It’s every expectant parent’s worst nightmare: you go for a routine ultrasound and find out your baby has a life-threatening birth defect. In many of these situations, parents have a choice to make. They can fight for their child’s life. They can accept the diagnosis and give birth to their baby, who will pass away peacefully and naturally when the time comes. Or they can have an abortion. The choice to abort is sadly not only common, but women are frequently pressured to take the lives of their preborn children if anything is found to be wrong. Parents who choose life despite this pressure can find themselves under despicable criticism. It takes incredible courage to resist that pressure and choose life for your child instead. And that is exactly what Alysha Kellner did.
At 21 weeks of pregnancy, Kellner learned that her baby had a small sac of fluid around her heart. After following up with a specialist at 23 weeks, they got the earth-shattering diagnosis: a fetal teratoma, a rare tumor. Their baby not only had this rare birth defect, but an even rarer one — a pericardial teratoma that is found on the heart. It was because of the tumor that the fluid, which had grown to a dangerous amount, was around the heart. The fluid could be drained with a needle, but their best hope for their daughter involved making it to 28 weeks. Then, the doctors could perform an EXIT procedure, or ex utero intrapartum treatment: the doctors would operate on the baby while she was still attached to the mother’s placenta, and then deliver her. But if the baby’s tumor grew too quickly, that option would no longer be available to them.
By 26 weeks, the fluid that had been drained had returned. The tumor had gotten significantly larger. The baby would need to have a much more dangerous procedure that carried a lot of risks: performing surgery while the baby was still in her mother’s uterus, and then would sew the uterus back up. It had only been performed a handful of times. The baby could die as doctors operated. She might need to be delivered, leaving her very premature. And even if all went well, Kellner’s uterus could rupture later in the pregnancy, endangering both Kellner’s life and that of her baby’s.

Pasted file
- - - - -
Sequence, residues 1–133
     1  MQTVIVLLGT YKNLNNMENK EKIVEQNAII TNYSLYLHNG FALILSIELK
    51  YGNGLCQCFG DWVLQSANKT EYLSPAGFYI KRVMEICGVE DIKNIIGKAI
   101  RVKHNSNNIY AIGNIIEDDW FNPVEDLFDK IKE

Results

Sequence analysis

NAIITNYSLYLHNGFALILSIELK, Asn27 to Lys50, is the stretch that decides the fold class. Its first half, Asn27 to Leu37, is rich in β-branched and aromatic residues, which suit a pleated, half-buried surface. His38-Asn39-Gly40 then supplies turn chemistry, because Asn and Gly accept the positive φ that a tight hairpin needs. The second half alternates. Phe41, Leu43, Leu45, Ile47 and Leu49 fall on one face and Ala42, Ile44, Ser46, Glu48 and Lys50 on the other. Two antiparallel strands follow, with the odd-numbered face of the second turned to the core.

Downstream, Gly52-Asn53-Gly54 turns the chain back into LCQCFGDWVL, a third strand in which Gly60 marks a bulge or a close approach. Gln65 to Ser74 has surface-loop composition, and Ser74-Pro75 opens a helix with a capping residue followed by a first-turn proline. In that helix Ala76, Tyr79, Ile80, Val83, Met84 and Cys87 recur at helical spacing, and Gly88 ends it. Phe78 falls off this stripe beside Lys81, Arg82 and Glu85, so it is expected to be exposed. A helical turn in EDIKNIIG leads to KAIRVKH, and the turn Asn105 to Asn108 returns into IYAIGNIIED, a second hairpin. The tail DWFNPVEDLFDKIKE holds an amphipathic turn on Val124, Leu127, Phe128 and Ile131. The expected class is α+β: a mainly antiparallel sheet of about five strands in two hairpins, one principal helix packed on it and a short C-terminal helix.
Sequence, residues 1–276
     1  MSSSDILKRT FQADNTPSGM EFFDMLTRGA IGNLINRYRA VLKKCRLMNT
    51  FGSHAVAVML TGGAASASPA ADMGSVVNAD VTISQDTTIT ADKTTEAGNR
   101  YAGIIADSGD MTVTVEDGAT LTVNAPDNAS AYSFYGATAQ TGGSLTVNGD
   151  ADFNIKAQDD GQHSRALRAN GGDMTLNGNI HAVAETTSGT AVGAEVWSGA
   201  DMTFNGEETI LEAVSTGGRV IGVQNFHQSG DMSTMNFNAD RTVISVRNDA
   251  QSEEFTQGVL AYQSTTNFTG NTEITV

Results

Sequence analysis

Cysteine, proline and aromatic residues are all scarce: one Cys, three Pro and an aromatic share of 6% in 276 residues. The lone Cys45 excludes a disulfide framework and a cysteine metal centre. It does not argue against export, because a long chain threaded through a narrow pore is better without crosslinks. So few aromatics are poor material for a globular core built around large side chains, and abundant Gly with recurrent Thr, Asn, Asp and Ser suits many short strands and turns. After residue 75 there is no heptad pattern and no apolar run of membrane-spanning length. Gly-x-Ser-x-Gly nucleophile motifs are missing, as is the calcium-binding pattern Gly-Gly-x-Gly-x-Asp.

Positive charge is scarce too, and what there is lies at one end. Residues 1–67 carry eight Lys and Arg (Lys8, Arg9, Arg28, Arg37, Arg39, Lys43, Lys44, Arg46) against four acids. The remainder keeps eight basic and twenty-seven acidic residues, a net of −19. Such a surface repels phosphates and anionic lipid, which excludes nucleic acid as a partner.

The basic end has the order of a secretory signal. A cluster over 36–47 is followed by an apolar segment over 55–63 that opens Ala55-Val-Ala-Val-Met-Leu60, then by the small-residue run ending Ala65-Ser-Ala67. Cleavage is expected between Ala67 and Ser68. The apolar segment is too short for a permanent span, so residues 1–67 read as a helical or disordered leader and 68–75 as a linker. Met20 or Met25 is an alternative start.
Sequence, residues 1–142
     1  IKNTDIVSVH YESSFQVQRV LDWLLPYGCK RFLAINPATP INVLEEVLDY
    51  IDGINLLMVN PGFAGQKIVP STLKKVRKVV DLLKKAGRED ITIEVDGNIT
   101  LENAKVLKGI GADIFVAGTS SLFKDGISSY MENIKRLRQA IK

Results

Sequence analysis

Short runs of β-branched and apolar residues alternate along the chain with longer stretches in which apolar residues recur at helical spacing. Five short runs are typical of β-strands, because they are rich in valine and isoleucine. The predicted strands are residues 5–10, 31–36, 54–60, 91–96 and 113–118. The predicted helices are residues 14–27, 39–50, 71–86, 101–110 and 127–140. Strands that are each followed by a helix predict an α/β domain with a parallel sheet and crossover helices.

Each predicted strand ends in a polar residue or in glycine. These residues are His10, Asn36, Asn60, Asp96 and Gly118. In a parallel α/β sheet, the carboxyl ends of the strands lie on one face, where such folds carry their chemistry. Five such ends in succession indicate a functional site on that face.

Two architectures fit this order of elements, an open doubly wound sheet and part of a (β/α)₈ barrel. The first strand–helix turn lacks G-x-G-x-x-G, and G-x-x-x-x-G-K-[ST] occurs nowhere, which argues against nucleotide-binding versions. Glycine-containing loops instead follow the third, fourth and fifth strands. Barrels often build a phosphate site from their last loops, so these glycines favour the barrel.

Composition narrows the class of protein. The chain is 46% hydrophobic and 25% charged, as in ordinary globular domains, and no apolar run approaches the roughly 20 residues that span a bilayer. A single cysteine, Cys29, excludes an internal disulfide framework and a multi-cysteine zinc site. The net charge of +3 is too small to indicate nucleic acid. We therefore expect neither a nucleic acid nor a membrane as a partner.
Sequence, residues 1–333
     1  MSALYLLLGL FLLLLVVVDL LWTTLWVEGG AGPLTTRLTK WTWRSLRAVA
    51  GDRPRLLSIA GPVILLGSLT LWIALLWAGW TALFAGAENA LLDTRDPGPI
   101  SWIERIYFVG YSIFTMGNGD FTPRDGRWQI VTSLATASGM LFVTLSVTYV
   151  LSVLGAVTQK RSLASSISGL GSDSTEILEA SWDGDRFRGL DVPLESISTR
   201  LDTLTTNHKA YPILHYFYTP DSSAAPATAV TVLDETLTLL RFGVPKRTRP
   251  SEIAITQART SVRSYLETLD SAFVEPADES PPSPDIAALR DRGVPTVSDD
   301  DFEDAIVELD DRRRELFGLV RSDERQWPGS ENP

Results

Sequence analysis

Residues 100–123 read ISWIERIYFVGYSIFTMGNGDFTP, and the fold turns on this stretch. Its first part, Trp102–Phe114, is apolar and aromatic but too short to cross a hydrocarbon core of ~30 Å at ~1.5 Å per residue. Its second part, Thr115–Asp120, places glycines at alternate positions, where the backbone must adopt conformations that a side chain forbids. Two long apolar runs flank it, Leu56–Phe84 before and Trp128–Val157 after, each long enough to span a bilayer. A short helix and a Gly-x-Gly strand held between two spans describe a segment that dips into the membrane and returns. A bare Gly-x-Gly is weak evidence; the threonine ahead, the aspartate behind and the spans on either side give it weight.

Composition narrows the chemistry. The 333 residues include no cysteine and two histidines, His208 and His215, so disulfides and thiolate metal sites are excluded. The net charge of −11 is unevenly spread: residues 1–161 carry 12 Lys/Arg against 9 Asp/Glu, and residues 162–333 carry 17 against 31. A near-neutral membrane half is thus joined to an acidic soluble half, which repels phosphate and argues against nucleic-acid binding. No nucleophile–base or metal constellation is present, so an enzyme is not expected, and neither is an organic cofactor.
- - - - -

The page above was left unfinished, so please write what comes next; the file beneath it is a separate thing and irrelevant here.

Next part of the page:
Doctors insisted that she didn’t have to have the surgery. But Kellner had already named her baby girl — Kora Amada. She was told Kora had a 50/50 chance of survival. At the time of the surgery, Kora weighed just two pounds. The tumor was four times bigger than her heart.
Miraculously, the surgery was a success. Kellner and her husband, Ben, both cried when they heard the news. 90% of the tumor had been removed, and the rest could be removed after Kora was born. Kora made it to 35 weeks before being born by C-section, and a week later, doctors removed the rest of her tumor. She’s now seven months old, healthy and happy, with no signs of the tumor reoccurring on MRIs. And it’s all possible because Kellner chose to fight for Kora’s life, rather than sentencing her to death.
At 23 weeks, Kora would have endured a dilation and evacuation — or D&E — abortion. The procedure, which former abortionist Dr. Anthony Levatino explains here, is brutal, violent, and takes place when babies can almost certainly feel pain.
The prospect of a child who could be severely ill or disabled, or even die very young, is undoubtedly terrifying. But it does not take away that child’s inherent right to life. Every person has dignity and value, even those among us who are small, vulnerable, ill, or unwanted. It’s a miracle that Kora was born to parents willing to fight for her — parents who chose life instead of death.